What happens when there's no wind and wind turbines stop turning? What provides the back up power for this clean energy source on calm, windless days? While wind may be the fastest growing renewable energy source in the US, in order for us to rely on wind power, there needs to be some backup technology to fill in when wind does not blow.
What happens when there's no wind and wind turbines stop turning? What provides the back up power for this clean energy source on calm, windless days?
While wind may be the fastest growing renewable energy source in the US, in order for us to rely on wind power, there needs to be some backup technology to fill in when wind does not blow.
According to Penn State researchers, theoretically, hydropower can step in to provide energy as it can come on line quickly and is also carbon neutral. However, there are large policy and regulation-based barriers that are preventing this from happening.
Researchers looked at the Kerr Dam in North Carolina which powers an electric grid spanning from Pennsylvania through Virginia on the East Coast, west to Indiana and also includes the Chicago area. In addition, the Kerr Dam also supplies other local outlets.
When it comes to power, hydroelectric dams cannot simply release or hold back water to meet demand. Instead, plants operate using guide curves that consider not only electric production, but also drinking water needs, irrigation, fish and wildlife requirements, recreation and minimum levels for droughts. These guide curves are created by the government agencies. In the case of Kerr, the U.S. Army Corps of Engineers is the regulating official, but in other places it could be the U.S. Bureau of Reclamation, the Tennessee Valley Authority, the Colorado River Authority or other entities. These authorities make decisions based on the guide curves that are predicted for one-week weather forecasts.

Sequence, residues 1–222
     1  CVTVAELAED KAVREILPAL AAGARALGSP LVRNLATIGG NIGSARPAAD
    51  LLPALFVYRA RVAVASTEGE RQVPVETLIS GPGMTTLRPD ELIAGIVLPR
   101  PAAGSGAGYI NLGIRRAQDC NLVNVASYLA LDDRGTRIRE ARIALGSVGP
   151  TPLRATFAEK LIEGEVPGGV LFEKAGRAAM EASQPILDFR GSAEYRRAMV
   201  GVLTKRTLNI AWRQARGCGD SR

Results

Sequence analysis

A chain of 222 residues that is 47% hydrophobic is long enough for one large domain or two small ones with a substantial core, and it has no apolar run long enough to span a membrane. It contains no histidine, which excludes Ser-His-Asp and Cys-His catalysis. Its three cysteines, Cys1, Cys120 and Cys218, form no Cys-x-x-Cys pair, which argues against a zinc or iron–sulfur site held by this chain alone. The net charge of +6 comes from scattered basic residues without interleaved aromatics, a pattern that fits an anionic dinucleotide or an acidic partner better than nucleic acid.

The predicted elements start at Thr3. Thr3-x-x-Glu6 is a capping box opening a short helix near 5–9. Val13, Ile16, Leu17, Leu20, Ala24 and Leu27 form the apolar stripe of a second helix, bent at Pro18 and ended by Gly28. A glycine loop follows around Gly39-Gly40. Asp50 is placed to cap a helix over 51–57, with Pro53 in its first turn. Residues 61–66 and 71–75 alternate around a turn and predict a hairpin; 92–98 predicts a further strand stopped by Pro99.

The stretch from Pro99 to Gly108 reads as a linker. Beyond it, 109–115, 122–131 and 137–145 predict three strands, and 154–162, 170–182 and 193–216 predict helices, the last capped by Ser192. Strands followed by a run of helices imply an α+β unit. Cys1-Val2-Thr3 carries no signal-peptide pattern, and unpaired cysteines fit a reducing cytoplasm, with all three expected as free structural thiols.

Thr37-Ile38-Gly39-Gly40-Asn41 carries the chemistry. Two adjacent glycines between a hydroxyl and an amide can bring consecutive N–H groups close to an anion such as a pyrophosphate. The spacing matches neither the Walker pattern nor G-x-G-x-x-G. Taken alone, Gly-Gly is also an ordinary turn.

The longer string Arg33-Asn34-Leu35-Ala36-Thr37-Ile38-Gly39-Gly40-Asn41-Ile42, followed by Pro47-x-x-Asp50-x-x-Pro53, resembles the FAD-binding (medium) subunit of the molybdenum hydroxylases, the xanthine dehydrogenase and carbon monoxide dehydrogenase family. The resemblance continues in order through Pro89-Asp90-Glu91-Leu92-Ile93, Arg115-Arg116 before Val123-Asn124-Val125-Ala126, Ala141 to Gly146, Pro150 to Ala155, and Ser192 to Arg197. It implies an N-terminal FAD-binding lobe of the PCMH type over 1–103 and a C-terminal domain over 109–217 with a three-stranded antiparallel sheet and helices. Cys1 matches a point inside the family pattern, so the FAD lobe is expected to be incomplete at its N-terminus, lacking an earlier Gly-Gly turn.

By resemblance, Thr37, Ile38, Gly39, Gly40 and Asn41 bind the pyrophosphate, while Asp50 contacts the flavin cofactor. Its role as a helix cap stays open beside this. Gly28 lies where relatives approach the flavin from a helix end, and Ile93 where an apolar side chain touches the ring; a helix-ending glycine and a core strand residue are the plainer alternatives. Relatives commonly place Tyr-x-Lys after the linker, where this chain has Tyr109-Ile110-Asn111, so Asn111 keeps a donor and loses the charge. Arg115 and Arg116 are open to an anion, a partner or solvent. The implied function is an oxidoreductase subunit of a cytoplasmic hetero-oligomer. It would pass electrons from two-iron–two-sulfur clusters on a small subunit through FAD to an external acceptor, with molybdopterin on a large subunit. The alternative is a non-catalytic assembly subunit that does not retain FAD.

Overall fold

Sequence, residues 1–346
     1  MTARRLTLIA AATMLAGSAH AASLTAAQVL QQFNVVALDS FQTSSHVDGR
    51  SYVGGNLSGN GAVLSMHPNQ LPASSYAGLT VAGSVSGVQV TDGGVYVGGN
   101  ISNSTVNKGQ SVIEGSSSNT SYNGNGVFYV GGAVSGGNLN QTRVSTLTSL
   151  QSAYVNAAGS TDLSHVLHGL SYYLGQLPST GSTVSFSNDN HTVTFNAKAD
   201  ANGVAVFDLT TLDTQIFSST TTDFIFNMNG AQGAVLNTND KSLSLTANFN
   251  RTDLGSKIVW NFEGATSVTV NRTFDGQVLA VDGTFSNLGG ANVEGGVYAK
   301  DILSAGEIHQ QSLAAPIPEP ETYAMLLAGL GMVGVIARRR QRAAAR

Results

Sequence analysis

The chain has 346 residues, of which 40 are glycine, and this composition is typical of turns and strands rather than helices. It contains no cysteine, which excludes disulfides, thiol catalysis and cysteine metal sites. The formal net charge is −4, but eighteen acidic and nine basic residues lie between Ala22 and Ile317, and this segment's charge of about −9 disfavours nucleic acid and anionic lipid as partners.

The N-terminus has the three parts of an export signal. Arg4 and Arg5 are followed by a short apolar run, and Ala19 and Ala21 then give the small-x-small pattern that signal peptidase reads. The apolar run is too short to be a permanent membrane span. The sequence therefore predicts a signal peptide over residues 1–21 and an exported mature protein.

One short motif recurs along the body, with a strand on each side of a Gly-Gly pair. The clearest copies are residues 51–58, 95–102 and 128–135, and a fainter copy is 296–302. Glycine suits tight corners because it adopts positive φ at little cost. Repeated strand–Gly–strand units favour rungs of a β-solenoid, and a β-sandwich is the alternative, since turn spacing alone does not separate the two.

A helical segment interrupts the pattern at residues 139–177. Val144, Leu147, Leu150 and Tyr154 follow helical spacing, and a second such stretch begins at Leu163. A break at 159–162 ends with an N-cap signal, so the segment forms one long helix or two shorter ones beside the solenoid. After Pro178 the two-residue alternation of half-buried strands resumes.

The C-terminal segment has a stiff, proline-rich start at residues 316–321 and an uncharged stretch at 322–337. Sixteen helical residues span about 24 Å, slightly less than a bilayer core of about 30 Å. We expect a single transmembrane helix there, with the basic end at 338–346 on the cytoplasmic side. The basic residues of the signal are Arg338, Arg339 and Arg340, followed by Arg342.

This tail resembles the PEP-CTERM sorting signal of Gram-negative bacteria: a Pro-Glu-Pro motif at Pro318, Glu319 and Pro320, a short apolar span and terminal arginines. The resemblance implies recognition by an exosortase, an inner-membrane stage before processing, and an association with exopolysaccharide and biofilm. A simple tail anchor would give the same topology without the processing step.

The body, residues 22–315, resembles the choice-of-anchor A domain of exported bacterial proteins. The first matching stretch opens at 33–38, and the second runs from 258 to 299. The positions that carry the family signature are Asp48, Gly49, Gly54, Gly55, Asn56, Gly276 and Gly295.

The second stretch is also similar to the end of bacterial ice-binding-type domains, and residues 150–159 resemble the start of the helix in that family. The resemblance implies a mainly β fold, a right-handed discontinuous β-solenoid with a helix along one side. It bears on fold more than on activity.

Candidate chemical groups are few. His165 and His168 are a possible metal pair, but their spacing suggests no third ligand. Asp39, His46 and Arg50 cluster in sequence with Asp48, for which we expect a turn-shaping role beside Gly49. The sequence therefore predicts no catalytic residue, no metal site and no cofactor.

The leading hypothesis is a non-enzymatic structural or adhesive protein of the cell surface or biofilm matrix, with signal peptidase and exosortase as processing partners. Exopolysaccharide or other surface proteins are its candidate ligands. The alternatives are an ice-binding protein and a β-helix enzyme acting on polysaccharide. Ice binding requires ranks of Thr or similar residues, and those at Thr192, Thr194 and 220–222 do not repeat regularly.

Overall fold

The researchers determined that the Kerr Dam could accommodate the unexpected variations in wind energy, but only if those operating the dam were allowed to meet the guide curve requirements over a two-week rather than one-week period of time.
"Changing guide curves is complex, time-consuming and may even require an act of Congress," said Seth Blumsack, assistant professor of energy policy at Penn State.
The researchers found that changing the pricing of electricity so that backing up wind is more lucrative than the spot market would not make these multipurpose hydro facilities more prone to supply backup to wind power.
"Operational conflicts may be significantly reduced if the time length of the guide curve schedule was altered, yet such regulatory changes prove quite challenging given the institutional barriers surrounding water rights in the U.S.," said the researchers, who also include Patrick M. Reed, professor of civil engineering, Cornell University.
The results can be found in Environmental Research Letters.
See more at Penn State News.
Wind turbine image via Shutterstock.